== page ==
Upholding Geneva's historic integrity still outweighs the financial issues faced by the owner of the Pure Oil property on State Street.
The City Council's Committee of the Whole sent that message Monday night when it upheld the Historic Presentation Commission's February decision to deny developer Joe Stanton's plan for the land at 502 W. State.
The committee, after more than three hours of testimony and debate, voted 7-3 to back the HPC decision, with aldermen Sam Hill, Richard Marks and Dawn Vogelsberg unsuccessfully voting to move the appeal to the City Council.
Stanton has proposed a move to put a bank drive-through on the property and, in doing so, tearing down the Pure Oil Building. The HPC shot down the idea in a 5-1 vote, suggesting the building could be renovated to protect its historic integrity.
Stanton countered that the building cannot be anything but a gas station given its design and age. Renovation would be cost-prohibitive when considering how much he paid for the property in 2006 and how much it would cost to bring it into compliance with current building codes.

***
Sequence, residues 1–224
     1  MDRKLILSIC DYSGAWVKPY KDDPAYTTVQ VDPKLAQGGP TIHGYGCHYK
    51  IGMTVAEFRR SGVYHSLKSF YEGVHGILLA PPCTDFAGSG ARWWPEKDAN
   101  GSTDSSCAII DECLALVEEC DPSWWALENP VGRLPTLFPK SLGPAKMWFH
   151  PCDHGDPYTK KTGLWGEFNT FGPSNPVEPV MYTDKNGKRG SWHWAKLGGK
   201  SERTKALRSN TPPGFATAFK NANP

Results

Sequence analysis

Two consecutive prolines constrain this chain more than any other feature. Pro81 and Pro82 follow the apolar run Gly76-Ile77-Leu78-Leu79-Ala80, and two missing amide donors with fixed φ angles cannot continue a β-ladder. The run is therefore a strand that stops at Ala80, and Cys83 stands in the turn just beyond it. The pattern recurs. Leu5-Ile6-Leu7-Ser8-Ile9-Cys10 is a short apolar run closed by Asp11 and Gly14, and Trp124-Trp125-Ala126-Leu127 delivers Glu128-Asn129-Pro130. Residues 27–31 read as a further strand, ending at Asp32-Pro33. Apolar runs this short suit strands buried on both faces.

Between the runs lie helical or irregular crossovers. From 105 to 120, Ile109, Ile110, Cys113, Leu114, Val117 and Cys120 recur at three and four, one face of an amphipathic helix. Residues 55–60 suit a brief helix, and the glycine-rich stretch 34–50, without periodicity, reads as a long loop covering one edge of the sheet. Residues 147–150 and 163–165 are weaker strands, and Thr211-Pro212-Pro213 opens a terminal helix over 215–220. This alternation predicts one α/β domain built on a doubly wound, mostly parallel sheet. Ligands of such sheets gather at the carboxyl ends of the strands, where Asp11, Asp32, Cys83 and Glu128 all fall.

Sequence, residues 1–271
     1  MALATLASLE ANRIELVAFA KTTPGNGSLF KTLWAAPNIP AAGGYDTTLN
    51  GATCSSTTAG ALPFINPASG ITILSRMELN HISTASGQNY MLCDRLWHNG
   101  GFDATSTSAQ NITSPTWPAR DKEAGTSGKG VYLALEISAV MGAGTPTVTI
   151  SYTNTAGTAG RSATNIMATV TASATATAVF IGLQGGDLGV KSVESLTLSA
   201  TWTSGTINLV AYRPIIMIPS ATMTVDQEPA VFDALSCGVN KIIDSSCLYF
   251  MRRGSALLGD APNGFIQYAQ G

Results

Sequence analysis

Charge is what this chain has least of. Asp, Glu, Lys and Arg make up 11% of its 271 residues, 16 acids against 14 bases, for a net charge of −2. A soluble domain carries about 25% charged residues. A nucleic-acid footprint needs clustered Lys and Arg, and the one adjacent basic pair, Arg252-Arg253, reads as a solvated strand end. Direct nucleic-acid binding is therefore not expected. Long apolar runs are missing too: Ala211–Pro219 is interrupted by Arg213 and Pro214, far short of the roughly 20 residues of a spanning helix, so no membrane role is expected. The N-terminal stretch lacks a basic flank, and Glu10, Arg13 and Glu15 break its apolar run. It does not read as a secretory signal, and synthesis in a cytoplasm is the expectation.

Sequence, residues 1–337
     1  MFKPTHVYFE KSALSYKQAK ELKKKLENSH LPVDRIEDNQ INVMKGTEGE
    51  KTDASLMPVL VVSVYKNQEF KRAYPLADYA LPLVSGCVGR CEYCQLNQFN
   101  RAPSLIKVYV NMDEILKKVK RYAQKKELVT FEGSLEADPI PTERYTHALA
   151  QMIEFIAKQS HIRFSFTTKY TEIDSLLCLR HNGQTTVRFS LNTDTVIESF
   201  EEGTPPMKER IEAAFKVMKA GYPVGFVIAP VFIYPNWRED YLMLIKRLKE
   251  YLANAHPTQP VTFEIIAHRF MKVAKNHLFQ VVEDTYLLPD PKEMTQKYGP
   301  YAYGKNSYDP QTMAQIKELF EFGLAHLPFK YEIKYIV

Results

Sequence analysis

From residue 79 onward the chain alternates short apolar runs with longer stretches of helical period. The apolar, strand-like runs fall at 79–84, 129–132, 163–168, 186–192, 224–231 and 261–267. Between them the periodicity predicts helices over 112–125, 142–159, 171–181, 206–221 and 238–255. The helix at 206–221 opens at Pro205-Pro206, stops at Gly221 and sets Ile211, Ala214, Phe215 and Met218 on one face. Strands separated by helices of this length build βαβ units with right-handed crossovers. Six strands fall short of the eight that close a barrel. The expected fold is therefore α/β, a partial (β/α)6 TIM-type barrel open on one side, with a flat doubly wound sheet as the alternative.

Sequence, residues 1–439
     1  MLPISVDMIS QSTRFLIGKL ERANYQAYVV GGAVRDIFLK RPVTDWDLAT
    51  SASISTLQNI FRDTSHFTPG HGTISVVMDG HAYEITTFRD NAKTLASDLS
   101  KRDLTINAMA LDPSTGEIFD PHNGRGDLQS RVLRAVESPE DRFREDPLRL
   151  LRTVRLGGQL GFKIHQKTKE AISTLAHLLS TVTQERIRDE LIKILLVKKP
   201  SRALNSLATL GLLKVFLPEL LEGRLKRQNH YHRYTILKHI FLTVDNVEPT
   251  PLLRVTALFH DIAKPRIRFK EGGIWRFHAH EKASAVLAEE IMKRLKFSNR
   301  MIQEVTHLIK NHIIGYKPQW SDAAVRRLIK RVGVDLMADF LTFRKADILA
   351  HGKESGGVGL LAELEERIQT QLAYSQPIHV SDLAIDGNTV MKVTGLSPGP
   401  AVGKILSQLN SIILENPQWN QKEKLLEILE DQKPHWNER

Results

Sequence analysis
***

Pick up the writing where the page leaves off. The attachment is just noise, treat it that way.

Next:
"The building was built to be a gas station and nothing else," Stanton said, noting he's worked through six plans in five years for the site.
Speakers calling for the HPC decision to stand offered a general theme of maintaining Pure Oil as a special piece of Geneva history that has not seen the end of its usuable days.
Prior to voting, Hill said there's a need to protect the building, but also to look at the big picture of revitalizing downtown. Fitting of that compromise, he suggested there should be enough community support to relocate the building.
"This town has a lot of money," he said. "I think there's an opportunity to save the building."
Pure Gardener presently operates on the site, but Stanton said its lease will not be renewed when it ends.